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Begins: Apr 4, 2011
Date: Wed, Oct 12th, 2011
Start: Wadleigh Stream Lean-to
End: Katahdin Stream Campground
Daily Distance: 33
Trip Distance: 1,574.6
Entry Visits: 1,053
Journal Visits: 42,522
Guestbook Views: 23,434
Guestbook Entrys: 278
Last PLB Location
Appalachian Trail Map
(Click image for full size)
sunrise with Katahdin in background
I had good weather during my lonesome trek through the wilderness. I passed Cog halfway through the first of 5 days hiking the 100 mile wilderness and spent most of the time hiking alone. I needed to average 22 miles a day to cover the 110 miles in five days. I put in hikes of 16, 22, 20, 19, and capped off with a grueling 33 mile day.
At the end of the first night I arrived at the shelter well after dark and setup my tent. After cooking up a delicious chicken and dumpling meal I turned in for the night. It was particulary windy that night but I remember waking up around 2am to the sound of a tree falling down in my vicinity. It was so close I put my hands over my head preparing for the worst. The next morning I looked outside my tent and saw a medium size tree lying 10 feet away. It wasnt a huge tree but large enough to cut my hike/life short. I packed up and hit the trail for a tough hike. The 100 mile wilderness was not quite as flat as I expected.
The second days hike consisted of some long rocky climbs. It took quite a long time to cover the first 10 miles. I am writing this on October 20th so having a hard time remembering the detail but I do recall that I was drinking an insane amount of water during this time. I was constantly running out of water and having to hike a mile or two on empty before having a chance to refill. I recall being so thirsty at one point that I didnt bother waiting 20 minutes to treat the water at a somewhat suspect water source. It could of been the Indian summer or the Koolaide I was drinking, who knows, but I was drinking water like there was no tomorrow. The second night I managed to meet my target of 22 miles and slept in a shelter by myself.
The 3rd day started out with a looooong 4 peak climb. I passed a 80 year old man on the way down who was doing a day hike up these peaks for his birthday. He had tried to thru hike 10 years ago but gave up after Virginia due to gear problems. With the continueing development of lighter gear and the amount of succussfull older thru hikers I urged him to give it another try. He seemed genuinly interested to try again, despite his sons frowning dismay. After the climb I made good time but my feet really started to hurt towards the end of the hike. The foot pain got to the point where I had to cut the hike off short at the 20 mile mark only .5 miles from the next shelter. I set up my tent for the last time and bandaged my tender feet.
The next morning I tried putting on my boots but me feet were not having it. I had a nice long flat section of trail so I slipped on my crocs and hoped for the best. Luckily I did not run into to many bogs or rocky sections and the crocs worked out fine. My feet were loving the comfort of the crocs. I dont remember much about this days hike but I do recall seeing a mamma bear and her 3 cubs around dusk. I was still hoping to see a bull moose and heard a large animal just off the trail. When I looked over I heard a low growl as the 3 cubs scrambled up a tree. They were rather large cubs and I really wanted to get a picture. I was blocked by some pines so I moved in to get a better shot but mamma was not having it. She gave me 2 or 3 bluff charges and was starting to get a little to close so I moved on. I was trying to get 30 miles in that day but after stopping for dinner at the 19 mile mark my body cooled down and the thought of hiking any more that night was put to rest.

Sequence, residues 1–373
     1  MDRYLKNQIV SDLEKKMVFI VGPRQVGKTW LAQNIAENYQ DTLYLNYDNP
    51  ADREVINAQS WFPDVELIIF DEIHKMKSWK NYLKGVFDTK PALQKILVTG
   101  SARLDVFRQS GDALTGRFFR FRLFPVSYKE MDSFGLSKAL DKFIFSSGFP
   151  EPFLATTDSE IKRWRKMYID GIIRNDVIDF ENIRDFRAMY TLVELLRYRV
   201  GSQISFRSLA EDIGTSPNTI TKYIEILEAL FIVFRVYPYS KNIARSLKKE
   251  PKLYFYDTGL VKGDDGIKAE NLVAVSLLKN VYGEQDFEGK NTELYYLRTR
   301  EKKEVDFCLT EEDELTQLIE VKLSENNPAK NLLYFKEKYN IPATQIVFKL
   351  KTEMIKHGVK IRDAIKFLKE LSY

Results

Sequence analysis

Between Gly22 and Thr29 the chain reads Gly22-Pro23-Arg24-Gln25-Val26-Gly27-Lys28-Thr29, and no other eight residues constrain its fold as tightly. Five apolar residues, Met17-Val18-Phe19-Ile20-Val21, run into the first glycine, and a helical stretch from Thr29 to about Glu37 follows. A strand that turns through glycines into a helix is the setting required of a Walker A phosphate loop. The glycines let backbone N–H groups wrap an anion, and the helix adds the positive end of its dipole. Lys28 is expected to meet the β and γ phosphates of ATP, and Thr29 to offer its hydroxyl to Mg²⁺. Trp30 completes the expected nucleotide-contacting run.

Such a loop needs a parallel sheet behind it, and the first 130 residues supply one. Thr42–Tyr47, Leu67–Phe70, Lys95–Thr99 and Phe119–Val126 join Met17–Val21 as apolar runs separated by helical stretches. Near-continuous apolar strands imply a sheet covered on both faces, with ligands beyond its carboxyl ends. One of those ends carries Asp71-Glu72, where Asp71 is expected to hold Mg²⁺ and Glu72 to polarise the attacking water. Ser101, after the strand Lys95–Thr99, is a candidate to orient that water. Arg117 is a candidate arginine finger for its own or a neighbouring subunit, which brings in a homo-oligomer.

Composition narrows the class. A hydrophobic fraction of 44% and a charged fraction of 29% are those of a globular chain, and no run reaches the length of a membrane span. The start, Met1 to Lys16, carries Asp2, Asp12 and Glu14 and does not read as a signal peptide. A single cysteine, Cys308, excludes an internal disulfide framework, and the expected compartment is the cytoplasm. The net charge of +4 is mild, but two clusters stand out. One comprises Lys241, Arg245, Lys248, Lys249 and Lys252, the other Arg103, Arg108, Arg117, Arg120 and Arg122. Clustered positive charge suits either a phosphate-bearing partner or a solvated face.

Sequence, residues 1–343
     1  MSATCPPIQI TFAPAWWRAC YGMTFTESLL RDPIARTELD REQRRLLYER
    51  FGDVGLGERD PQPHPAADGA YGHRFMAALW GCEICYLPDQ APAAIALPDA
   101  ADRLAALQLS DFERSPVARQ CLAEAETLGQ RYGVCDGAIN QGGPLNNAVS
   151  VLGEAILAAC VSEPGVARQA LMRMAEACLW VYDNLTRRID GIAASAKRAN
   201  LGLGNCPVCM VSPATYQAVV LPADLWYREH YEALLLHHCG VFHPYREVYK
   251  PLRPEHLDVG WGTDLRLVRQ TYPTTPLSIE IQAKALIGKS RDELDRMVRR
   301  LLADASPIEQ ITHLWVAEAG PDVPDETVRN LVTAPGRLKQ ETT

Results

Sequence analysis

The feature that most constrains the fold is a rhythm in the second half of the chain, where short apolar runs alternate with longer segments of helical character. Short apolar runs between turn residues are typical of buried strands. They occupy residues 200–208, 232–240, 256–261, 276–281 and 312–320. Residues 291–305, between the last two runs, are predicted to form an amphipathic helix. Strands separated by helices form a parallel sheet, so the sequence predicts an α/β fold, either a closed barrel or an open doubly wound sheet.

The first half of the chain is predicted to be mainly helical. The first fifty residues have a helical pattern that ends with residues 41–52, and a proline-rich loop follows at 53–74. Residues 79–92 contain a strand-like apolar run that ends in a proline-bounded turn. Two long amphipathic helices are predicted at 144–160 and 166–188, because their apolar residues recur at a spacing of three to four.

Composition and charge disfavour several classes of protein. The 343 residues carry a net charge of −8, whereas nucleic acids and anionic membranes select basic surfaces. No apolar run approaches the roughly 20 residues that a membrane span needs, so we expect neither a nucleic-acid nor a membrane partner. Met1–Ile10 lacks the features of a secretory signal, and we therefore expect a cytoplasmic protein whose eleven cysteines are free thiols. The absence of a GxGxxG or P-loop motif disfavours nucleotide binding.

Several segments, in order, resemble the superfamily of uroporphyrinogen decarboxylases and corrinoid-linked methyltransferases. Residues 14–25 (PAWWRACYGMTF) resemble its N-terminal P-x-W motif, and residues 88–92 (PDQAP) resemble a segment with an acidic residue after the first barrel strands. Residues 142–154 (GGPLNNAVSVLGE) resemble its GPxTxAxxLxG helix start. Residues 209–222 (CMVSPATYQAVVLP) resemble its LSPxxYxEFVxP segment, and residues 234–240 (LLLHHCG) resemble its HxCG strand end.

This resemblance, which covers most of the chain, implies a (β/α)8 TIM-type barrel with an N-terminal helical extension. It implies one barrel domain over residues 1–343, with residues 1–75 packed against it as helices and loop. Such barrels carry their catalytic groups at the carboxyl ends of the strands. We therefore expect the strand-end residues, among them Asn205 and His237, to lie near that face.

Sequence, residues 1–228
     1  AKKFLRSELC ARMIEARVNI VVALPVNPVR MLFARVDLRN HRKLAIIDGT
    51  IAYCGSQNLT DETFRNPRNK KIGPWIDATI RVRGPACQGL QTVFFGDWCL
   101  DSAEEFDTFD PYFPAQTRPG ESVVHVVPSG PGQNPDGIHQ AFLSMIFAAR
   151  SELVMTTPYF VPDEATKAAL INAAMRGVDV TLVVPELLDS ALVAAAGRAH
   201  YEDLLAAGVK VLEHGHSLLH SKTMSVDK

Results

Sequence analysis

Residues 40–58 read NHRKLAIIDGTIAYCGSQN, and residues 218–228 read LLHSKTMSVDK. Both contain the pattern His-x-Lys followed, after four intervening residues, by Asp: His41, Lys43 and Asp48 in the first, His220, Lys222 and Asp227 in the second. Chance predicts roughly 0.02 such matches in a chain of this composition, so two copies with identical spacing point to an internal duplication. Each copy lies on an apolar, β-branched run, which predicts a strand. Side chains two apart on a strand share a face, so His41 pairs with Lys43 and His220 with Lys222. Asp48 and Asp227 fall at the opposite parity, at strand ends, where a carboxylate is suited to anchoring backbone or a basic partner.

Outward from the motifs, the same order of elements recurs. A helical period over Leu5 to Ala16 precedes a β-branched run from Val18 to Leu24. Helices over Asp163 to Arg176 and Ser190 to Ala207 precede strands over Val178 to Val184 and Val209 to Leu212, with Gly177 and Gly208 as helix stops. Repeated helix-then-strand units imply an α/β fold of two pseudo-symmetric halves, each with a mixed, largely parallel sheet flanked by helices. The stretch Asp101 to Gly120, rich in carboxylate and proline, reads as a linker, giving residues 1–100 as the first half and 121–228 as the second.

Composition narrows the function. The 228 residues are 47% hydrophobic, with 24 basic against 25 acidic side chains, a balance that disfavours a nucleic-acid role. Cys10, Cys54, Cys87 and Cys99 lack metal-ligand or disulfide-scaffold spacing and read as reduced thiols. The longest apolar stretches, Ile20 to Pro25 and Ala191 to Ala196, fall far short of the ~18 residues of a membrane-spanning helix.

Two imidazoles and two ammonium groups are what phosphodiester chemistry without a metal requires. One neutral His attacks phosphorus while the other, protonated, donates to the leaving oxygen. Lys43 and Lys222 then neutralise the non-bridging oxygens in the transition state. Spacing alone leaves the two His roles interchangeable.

It was my last night in a shelter and I didnt sleep very well. I knew it was 23 miles to the end of the 100 mile wilderness and another 10 to Katahdin stream campground. I woke up at 3:45am and enjoyed my last morning of hot coffee and poptarts on the trail. By 4:45am I was hiking. My feet felt better after the day off with the crocs so I had my boots on. I had a small 1000ft climb to start the day and had timed it perfectly to get to the top and enjoy the view of the sunrise over Mt. Katahdin. I stayed for 30 minutes taking a 1000 pics trying to get the perfect shot. This is where a hiking partner comes in handy, finally got something resembling a nice picture and continued on my way. I spent the day trying to keep up a good pace and listening to Uncle Toms Cabin, not the best choice for my last full day of hiking. I broke for lunch at the 20 mile mark somewhat depressed over slavery and was able to get a text through to Brian telling him to meet me at the campground around 9pm. After lunch I felt really good and kicked butt for the last 13 miles. After existing the 100 mile wilderness I stopped at a general store for a quick snack and watched some hunters weigh a dead cow moose. The last 10 miles involved a few river fordings and some annoyingly rocky terrain (I had put the crocs back on for the last 13 miles) but I managed to make it to the campground by 9:15pm for a record shattering 33 mile day. I found Brian easily enough in the parking lot looking for me with a flash light. He took a few pics before we hopped in the car and drove 9 miles away to a nice cabin where we would spend the next two days. If the weather cooperates we plan to summit Katahdin the following morning.
The Appalachian Trail (A.T.) is more than 2,175-mile long footpath stretching through 14 eastern states from Maine to Georgia. Conceived in 1921 and first completed in 1937, it traverses the wild, scenic, wooded, pastoral, and culturally significant lands of the Appalachian Mountains. Learn more: www.appalachiantrail.org